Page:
What employees don’t realize is that their personal social media accounts can serve as a backdoor channel to target corporate social media accounts. Since some employees have privileged access to corporate accounts, hackers can compromise those users accounts and wreak havoc on your corporate account. Experts advise businesses to add an extra security question or use two factor authentication for added security.

4.  Designate Owners To Each Social Media Account

With so many social media accounts to manage, you can easily lose sight. To keep things organized, you must assign an owner to every social media account. Identify who is responsible for managing that account. This will help you identify the key person in case of an incident and you can also hold them accountable.

People responsible for managing corporate social media accounts should also look at the content they are posting and where they are posting it. This can save you from compliance scruiting and impact on your valuation especially if you are a publicly traded company. By publishing content about your company performance, you are inviting attention from regulators who might question you about the authenticity of the information.

5.  Reduce Your Social Media Attack Surface

The larger your social media universe and the larger your social media footprint actually is, the wider your attack surface. Your goal is to minimize the attack surface as much as possible. Make sure you monitor all your social media accounts across different social channels. Security teams must decide the process of how user login and access the accounts. You also need to consider which social media management tool you use to manage all your accounts.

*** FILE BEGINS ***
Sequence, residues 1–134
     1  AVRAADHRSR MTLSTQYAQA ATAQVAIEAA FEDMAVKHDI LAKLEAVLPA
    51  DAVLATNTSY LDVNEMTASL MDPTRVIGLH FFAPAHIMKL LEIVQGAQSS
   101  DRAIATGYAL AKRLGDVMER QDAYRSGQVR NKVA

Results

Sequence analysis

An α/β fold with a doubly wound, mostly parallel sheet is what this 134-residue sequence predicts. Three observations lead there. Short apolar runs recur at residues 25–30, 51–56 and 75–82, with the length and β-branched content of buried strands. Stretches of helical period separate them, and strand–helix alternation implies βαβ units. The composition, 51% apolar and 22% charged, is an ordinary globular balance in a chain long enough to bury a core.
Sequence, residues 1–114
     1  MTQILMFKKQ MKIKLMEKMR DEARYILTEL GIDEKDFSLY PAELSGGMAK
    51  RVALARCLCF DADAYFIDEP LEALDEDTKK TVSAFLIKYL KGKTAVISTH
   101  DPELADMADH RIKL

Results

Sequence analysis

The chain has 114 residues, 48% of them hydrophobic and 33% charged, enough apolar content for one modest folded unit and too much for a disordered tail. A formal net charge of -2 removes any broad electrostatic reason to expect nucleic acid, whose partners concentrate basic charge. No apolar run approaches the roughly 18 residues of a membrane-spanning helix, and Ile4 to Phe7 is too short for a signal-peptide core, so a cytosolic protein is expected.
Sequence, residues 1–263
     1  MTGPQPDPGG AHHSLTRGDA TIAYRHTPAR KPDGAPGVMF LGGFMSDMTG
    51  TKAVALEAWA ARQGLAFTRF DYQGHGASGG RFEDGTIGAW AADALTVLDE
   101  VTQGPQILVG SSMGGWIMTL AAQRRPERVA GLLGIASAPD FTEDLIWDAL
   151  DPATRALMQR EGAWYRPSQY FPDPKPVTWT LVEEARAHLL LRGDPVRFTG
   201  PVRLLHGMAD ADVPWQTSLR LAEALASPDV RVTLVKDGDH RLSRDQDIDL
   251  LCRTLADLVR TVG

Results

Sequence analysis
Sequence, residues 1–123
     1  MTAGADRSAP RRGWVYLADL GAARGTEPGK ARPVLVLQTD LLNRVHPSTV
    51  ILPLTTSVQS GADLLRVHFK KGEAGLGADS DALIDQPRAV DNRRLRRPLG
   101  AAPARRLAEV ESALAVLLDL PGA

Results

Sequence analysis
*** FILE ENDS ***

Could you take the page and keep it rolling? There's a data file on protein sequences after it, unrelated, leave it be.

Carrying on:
6.  Know About Employee Preferences

Employees hate being told how to use social media. If you enforce restrictions, they will try to find a way to bypass the restrictions. As a business, you don’t want that as it can put you at a higher cybersecurity risk. Not only that, it makes it easier for hackers to target such users. It is important to respect the needs of the users and their privacy when creating and enforcing a social media policy otherwise, you might encounter this problem from time to time.

7.  Prepare Yourself To Deal With Expanding Social Media Landscape

The number of social media platforms are growing with each passing day and so do your employees’ social media accounts. This makes the job of security teams even more difficult. Sadly, this situation is not going to change anytime soon so you need to adapt and prepare yourself to handle this challenge. Whenever an employee creates a new account on any new social platform, make sure you apply security policies to that account. If you don’t do that, these new accounts can serve as an opportunity for hackers to gain access to your corporate networks. Security and compliance teams must run continuous audits on all channels that the company has presence on.

 

How do you create a social media policy for your business? Share it with us in the comments section below.